20 Oct 05. Jonathan Karp of the Wall Street Journal As the defense industry kicks off what is expected to be a strong earnings season, the mood is hardly celebratory. The reason: Defense contractors are staring down the barrel of what could be one of the toughest Pentagon budget cycles in years.
Defense-industry executives and investors are bracing for a potential body blow as President Bush mulls deep Pentagon-budget cuts to both rein in the federal deficit and offset massive bills from Iraq and the Gulf Coast hurricanes. That has taken some of the glee out of coming earnings reports, such as the one filed yesterday by General Dynamics Corp., which reported a boost in third-quarter profit of 16%.
Down the road, the picture looks gloomier. Pentagon officials say the administration is aiming to trim between $10 billion and $15 billion a year in planned defense spending from fiscal 2007 to 2012, slowing the overall rate of Pentagon-spending growth. Given the continuing military operations in Iraq, the Pentagon is scouring weapons programs for possible cuts instead of taking reductions from current-force needs. Major cuts could be averted by a combination of political pressure from Congress — always eager to protect local jobs — and the fact that a war is being waged. That is what happened last year, when a plan for $30 billion in Pentagon cuts through 2011 was seen as a knee-jerk budget exercise and was partially rolled back by Congress.
Though it is too early to know which military services or defense companies will be most affected by potential cuts, Washington pundits finger warships and fighter jets as most vulnerable. Northrop Grumman Corp., which recently cut its 2005 profit outlook because of hurricane damage to its Gulf shipyards, could get hit again if its next-generation Navy destroyer DDX is put on the chopping block. Lockheed Martin Corp.’s F-35 Joint Strike Fighter, the biggest Pentagon weapons program, and Boeing Co.’s $125 billion Future Combat Systems ground-forces modernization program are also under scrutiny. Lockheed, the country’s biggest military contractor by sales, saw its stock rise 20% in the first five months of this year. But the share price has slipped back 4% since the end of May as concerns about a budget crunch grew. If the 2007 budget doesn’t cut spending on the Joint Strike Fighter as much as investors currently fear, Lockheed could rebound. In 4 p.m. composite trading yesterday on the New York Stock Exchange, Lockheed’s shares were up $1.82, or 3%, at $62.71, giving the company a market value of about $27 billion. General Dynamics’ stock has risen nearly 19% this year, and could emerge least wounded from the budget process because it has higher exposure to the Army, which is expected to be more insulated from cuts than the traditionally better-funded Air Force and Navy. In 4 p.m. composite Big Board trading yesterday, General Dynamics’s shares were up $1.14, or 1%, at $121.06. The company’s market capitalization is about $24 billion.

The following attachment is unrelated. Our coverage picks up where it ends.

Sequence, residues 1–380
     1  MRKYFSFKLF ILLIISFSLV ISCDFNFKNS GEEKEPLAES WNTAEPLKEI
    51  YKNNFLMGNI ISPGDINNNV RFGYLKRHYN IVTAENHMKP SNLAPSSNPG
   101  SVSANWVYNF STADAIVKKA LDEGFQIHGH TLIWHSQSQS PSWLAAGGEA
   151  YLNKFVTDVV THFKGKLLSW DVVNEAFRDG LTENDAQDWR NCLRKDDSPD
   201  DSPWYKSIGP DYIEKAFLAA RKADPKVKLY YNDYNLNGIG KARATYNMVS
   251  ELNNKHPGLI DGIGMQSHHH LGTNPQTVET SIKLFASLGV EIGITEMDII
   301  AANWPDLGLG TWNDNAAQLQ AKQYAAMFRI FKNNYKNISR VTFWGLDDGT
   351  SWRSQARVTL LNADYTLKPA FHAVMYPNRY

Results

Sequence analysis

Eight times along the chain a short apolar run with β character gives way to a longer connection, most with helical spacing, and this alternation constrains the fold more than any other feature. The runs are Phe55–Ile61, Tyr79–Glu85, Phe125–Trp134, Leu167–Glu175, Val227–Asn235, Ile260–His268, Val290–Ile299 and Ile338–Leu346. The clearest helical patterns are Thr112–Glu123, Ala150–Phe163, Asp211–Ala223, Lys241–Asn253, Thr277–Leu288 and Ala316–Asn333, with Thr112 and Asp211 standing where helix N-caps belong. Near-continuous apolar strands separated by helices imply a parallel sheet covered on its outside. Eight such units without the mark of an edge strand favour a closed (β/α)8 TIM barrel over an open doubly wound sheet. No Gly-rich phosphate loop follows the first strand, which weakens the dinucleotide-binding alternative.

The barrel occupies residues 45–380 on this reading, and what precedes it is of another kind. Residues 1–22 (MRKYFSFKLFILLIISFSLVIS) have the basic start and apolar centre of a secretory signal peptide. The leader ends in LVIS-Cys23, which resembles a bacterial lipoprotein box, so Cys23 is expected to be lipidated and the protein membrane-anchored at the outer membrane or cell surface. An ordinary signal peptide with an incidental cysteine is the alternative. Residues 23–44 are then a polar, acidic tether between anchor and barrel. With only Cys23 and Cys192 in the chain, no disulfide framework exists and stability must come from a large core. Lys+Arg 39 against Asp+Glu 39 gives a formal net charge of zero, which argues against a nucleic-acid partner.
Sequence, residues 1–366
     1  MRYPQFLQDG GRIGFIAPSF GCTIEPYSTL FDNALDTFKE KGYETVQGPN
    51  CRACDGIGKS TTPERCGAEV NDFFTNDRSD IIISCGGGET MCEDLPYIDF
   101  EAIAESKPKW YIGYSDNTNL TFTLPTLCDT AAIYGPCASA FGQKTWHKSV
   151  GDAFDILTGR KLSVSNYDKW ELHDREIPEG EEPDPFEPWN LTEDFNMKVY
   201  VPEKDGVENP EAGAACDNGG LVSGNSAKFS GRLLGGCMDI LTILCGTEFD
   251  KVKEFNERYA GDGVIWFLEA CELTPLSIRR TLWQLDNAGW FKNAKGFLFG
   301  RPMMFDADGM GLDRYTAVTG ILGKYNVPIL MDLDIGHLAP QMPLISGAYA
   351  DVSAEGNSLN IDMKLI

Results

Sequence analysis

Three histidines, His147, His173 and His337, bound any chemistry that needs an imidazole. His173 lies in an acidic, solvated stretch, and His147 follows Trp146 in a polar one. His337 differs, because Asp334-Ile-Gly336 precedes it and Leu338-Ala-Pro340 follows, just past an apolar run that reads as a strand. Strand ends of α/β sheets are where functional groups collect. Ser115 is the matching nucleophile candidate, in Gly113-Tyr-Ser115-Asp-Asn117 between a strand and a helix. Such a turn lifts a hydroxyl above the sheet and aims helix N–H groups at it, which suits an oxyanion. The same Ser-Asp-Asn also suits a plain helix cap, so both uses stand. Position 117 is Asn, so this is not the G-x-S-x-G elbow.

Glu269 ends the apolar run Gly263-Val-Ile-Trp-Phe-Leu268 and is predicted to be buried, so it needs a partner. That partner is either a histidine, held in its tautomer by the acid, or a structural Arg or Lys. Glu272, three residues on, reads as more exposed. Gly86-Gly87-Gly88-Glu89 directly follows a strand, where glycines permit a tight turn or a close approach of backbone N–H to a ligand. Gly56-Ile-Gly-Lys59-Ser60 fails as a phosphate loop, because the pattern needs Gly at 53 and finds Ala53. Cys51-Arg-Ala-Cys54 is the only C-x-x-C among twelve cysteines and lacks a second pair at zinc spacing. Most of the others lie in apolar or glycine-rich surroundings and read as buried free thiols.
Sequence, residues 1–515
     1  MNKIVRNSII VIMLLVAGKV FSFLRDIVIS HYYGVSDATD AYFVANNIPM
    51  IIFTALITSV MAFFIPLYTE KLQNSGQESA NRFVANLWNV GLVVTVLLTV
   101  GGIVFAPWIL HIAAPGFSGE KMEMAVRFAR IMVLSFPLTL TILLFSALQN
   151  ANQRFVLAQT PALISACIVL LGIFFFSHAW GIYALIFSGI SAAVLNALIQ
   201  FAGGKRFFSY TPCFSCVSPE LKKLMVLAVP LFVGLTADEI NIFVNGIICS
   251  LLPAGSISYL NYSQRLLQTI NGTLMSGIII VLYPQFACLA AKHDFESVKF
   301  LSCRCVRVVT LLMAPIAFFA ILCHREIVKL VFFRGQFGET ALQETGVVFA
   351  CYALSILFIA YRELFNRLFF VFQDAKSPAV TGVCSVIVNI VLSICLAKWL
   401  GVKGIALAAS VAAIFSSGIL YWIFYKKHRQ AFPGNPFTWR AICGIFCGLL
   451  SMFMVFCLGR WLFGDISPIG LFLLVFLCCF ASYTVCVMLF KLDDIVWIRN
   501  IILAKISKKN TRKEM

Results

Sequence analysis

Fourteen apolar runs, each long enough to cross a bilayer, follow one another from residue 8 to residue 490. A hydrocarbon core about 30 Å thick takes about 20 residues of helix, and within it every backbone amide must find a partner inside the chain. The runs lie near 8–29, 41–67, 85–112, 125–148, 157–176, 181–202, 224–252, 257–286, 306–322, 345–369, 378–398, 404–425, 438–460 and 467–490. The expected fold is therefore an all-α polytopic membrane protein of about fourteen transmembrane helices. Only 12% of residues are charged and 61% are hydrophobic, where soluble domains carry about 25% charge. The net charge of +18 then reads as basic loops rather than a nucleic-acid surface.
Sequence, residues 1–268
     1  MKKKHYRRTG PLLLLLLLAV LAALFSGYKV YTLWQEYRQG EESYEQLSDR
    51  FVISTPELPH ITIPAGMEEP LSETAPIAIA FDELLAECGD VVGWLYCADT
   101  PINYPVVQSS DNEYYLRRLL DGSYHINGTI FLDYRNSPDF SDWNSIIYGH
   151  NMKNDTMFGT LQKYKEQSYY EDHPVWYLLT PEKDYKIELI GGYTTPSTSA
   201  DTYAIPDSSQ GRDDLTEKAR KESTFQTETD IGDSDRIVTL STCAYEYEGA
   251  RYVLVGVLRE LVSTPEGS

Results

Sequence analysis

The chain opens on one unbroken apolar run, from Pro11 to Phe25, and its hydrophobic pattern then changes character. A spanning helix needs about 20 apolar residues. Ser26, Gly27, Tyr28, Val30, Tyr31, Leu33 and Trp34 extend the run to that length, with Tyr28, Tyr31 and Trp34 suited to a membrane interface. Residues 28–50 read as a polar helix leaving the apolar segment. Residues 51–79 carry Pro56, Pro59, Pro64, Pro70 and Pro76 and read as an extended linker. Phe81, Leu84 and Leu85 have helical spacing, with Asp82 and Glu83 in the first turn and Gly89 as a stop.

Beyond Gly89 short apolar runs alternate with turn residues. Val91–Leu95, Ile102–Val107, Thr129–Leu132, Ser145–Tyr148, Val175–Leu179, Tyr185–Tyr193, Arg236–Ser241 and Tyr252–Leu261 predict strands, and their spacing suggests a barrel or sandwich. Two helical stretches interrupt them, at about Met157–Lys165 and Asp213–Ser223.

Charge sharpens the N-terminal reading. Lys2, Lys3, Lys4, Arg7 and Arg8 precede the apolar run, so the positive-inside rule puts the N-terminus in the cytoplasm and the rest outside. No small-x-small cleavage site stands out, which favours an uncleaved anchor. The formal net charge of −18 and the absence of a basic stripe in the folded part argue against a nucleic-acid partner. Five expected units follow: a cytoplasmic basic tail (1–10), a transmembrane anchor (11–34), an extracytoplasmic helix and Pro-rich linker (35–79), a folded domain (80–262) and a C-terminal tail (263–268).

“Despite what the budget numbers turn out to be, [defense companies] will generate earnings growth above the S&P 500’s average in the latter half of this year and into next,” says Tim Bei, an aerospace and defense analyst at Baltimore fund manager T. Rowe Price. In addition to being focused on expanding profit margins, he said, defense companies also will benefit into 2007 from supplemental budget funding for the Iraq war, which includes billions of dollars in procurement funds. T. Rowe Price currently owns shares of Lockheed, General Dynamics and Raytheon Co.
Byron Callan, who analyzes defense companies for Prudential Equity Group in New York, said in a report that “defense stocks that have been under pressure recently could see their prices appreciate through the first half of 2006 as investor sentiment shifts toward a more favorable outlook than may now be perceived.” Prudential currently has “overweight” ratings for